In the interests of health I try to exercise myself twice a day with a bracing walk in the woods. Usually, I am trudging along with about the same enthusiasm as our dog Louis, whom we have nicknamed “Twinkie” to reflect his shape, color and a propensity to eat garbage. But sometimes I do lift up my head and notice the glory all around. It has become a wintry glory these days. There was a scant half-inch of snow underfoot this morning, and it is only to be added to now, I think, until spring comes.
The cold air of the forest feels uncommonly clean and energizing. It’s the smell of snow, of ice on small ponds, of frost-riming sedges and cattails in the marshes. Balsam release their sweet green fragrance as I brush past and a crushed wintergreen leaf smells of fresh mint.
Just as the scents of the world around us are cooling, the smells in our homes are warming. Scented candles glow through the extra hours of darkness, wood fires push back the encroaching cold and the aroma of exotic spices awaken memory and longing. Cinnamon, ginger, cloves, cardamom, nutmeg -- things common and familiar, yet they come to us from lands so far away. And from a time far off, as well.
These wondrous aromatics from the islands of Southeast Asia have been treasured and traded for over 10,000 years, at times being so highly valued that they were treated as a precious currency. When the Spice Trade reached Europe it initiated the rise and fall of fortunes and kingdoms, ignited the Crusades and launched the Age of Discovery.
Use of the spices gradually spread, both geographically from southeast Europe to the British Isles and through social classes, from being available only to those of wealth to flavoring the beloved national dishes of every country they passed through. Some form of gingerbread, for example, is baked and appreciated throughout the continent, whether it’s French pain d’epices, German pfefferkuchen, or Polish piernik toru ski. It might be in the form of crisp cookies decorated with royal icing or a soft cake served with sweet cream, but everywhere it is a part of the celebration of the holidays that warm and lighten homes as the cold and darkness grow outside.
Naturally, gingerbread found a home in the American colonies, the love for it and the spices to make it brought here by our immigrant ancestors. There are seven recipes for gingerbread in the slim volume American Cookery, the first cookbook written in the New World. Thumbing through this book gives a glimpse into the everyday life of the people of that time, even though actually making the recipes is made difficult by the author’s assumption that the cook will know how to portion the amounts of spices on her own, as well as understanding what it means to bake the gingerbread “briskly, for 15 minutes”.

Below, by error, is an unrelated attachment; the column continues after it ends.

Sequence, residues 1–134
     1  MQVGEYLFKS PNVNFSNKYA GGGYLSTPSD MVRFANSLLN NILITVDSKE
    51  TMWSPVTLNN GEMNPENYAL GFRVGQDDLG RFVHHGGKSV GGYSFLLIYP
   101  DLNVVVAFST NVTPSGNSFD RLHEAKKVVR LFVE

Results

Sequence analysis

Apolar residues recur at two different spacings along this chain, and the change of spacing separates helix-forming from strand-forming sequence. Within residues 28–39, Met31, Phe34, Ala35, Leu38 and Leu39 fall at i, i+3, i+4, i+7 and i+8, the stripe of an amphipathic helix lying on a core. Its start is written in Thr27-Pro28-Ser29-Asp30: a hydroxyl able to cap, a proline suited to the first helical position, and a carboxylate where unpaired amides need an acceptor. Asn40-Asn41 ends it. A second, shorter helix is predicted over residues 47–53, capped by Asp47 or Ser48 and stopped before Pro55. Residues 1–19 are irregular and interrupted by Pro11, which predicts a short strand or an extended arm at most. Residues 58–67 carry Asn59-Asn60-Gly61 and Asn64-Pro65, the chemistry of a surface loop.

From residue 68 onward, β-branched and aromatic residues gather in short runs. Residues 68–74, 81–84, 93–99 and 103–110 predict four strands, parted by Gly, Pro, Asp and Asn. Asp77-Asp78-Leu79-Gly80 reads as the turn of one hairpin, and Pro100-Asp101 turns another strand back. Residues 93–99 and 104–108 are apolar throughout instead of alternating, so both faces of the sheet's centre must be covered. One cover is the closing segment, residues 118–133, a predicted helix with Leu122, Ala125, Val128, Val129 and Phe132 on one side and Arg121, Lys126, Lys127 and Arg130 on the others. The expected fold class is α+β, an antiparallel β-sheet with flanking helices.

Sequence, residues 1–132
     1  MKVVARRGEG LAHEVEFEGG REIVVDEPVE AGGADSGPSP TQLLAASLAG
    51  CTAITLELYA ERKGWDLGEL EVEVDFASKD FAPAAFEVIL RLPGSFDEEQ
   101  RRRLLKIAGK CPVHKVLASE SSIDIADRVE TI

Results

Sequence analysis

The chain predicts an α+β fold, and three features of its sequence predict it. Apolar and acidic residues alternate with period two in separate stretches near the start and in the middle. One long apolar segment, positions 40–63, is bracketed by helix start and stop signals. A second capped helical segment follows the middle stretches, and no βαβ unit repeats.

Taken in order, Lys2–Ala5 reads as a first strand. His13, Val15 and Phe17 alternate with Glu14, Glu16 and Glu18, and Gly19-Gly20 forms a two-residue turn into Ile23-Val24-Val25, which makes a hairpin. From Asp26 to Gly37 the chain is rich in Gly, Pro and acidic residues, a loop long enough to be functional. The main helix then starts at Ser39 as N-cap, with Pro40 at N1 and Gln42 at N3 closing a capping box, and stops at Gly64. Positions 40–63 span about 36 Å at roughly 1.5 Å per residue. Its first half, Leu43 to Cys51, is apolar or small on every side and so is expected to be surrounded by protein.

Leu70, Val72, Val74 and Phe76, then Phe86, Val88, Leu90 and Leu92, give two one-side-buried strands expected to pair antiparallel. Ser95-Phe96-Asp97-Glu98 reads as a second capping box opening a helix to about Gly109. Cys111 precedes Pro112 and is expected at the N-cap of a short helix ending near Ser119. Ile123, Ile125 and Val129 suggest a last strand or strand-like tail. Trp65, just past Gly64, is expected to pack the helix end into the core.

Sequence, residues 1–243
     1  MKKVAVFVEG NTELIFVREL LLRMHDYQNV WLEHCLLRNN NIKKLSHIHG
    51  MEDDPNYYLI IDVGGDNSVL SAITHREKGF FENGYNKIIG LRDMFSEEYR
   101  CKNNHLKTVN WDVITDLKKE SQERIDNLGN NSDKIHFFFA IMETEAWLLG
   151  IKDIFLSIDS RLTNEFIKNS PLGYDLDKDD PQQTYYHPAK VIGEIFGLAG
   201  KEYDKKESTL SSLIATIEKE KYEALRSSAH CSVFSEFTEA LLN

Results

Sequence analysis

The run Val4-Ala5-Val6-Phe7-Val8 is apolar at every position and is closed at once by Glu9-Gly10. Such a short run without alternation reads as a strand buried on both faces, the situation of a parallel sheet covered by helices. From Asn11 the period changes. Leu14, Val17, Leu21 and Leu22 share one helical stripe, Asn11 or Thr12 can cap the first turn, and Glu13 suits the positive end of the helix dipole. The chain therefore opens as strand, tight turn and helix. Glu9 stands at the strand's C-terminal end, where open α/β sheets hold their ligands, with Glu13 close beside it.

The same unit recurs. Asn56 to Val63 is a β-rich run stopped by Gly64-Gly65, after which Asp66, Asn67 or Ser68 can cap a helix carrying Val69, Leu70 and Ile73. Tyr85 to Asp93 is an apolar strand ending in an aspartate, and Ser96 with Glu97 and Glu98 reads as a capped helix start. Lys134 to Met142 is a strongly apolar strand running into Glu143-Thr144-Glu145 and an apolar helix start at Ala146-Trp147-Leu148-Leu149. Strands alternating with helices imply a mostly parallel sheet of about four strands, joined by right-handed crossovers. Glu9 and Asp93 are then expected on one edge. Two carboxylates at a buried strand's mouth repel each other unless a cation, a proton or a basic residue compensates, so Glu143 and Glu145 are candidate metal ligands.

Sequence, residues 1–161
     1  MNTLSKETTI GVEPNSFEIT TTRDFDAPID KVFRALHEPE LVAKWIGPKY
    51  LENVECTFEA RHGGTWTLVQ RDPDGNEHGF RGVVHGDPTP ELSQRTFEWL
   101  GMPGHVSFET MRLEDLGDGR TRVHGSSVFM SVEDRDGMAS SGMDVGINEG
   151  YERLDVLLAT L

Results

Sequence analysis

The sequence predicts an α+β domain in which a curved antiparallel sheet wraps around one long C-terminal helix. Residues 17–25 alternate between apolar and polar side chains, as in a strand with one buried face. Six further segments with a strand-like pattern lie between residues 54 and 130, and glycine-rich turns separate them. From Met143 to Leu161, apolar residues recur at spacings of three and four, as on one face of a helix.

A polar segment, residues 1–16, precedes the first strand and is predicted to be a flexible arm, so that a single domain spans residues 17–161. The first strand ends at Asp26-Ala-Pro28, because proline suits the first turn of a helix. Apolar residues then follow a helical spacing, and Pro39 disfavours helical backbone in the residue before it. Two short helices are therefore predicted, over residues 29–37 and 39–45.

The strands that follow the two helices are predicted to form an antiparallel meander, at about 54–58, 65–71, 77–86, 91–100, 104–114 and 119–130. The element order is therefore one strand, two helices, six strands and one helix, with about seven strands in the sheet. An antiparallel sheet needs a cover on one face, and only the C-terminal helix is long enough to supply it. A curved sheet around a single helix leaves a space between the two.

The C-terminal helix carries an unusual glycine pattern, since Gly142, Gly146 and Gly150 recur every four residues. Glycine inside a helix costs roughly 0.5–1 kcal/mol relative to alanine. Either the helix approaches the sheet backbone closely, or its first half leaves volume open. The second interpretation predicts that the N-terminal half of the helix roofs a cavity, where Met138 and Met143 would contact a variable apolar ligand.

Easier to work with are the recipes in The City Tavern Cookbook, which adapts colonial era recipes to modern cooking techniques and preferences. Whatever the holidays you choose to celebrate or ignore in the weeks ahead, may your home be filled with warmth, light and the fragrance of fond memory.
City Tavern’s Gingerbread
Beat together until light and foamy:
2 ½ cups dark brown sugar 3 eggs
In a separate bowl, sift together:
1 cup flour 1 tablespoon baking powder ½ teaspoon baking soda 2 tablespoons cinnamon 1 teaspoon ginger 1 teaspoon cardamom ½ teaspoon cloves ½ teaspoon salt Add dry ingredients to the sugar and egg mixture in two increments, mixing until just combined.
In a separate bowl combine: 12 tablespoons melted butter ¾ whole milk, room temperature Add milk and butter to batter slowly as you scrape down the sides of the bowl.
Pour the batter into a greased and floured 10-inch round cake pan. Bake at 350° for 45 minutes, or until a toothpick comes out clean. Serve with Chantilly Cream. Chantilly Cream Whip together at high speed until soft peaks form:
2 cups heavy cream ½ cup sifted powdered sugar
Refrigerate until ready to serve.
Sally Rasmussen lives in rural Taylor County with her husband, Tom.